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Mazda, Suzuki Admit to Cheating on Emissions and Fuel Economy Testing

The Drive logoThe Drive 8/8/2018 Chris Tsui
a close up of a computer© John Keeble—Getty Images

According to a Nikkei report, Mazda and Suzuki are the latest Japanese automakers to come forward with evidence of tomfoolery in the arena of emissions and fuel economy testing. 


The Japanese publication said the cheating was found "on samples of manufactured vehicles selected during the quality assurance process." While Wednesday's report is light on specifics, Nikkei said the country's Ministry of Land, Infrastructure and Transport will release full details about the latest scandal on Thursday.

Both companies voluntarily turned in reports containing indiscretions to Japan's transport ministry. This came after it mandated all Japanese manufacturers to review internal compliance protocol after Subaru and Nissan were found to have engaged in similar antics.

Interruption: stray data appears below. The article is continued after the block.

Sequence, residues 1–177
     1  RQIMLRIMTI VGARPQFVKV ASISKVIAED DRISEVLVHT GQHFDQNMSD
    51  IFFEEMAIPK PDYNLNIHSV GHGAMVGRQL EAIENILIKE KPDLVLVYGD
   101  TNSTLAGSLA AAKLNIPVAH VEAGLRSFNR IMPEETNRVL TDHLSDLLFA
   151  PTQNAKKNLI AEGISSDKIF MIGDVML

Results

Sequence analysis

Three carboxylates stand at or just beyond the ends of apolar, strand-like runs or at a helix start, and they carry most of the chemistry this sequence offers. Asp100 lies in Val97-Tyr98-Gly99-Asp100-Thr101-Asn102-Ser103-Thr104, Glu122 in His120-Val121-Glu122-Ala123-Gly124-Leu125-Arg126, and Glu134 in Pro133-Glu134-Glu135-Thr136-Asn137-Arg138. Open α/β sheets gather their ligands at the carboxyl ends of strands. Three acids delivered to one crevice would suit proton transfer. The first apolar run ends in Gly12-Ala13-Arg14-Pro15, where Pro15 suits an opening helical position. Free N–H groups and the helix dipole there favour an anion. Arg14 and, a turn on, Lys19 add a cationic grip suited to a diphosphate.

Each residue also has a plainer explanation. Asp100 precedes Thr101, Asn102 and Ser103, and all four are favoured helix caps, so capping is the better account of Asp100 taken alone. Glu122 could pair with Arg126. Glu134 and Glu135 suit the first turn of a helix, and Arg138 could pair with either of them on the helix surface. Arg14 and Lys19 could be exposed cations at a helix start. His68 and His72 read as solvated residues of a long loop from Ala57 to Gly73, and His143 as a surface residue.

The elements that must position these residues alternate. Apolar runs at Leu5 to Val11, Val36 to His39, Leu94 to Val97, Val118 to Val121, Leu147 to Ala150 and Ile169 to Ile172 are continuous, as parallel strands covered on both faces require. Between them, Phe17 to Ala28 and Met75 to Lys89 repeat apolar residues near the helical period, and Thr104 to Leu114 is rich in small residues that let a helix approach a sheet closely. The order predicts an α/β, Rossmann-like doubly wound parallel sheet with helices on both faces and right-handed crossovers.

Subaru has subsequently stated that none of its affected cars were ever shipped to the U.S. Meanwhile, it's unclear whether the Mazdas in question were sold outside of Japan. We've reached out to the company to find out and will update this story when we hear back. Suzuki, as you probably know, hasn't sold a car in the States since 2012 but continues to do so in its home country.

The report went on to allege motorcycle maker Yamaha as a suspected emissions-reg-cheater.

Mazda and Suzuki are only the latest in a large, growing list of automakers guilty of surreptitiously skirting efficiency regulations. The auto industry had its watershed moment back in 2015 when Volkswagen was caught employing a defeat device on its TDI diesel engines. That whole saga continues to rage on as Audi CEO Rupert Stadler was arrested just two months ago as part of the investigation.

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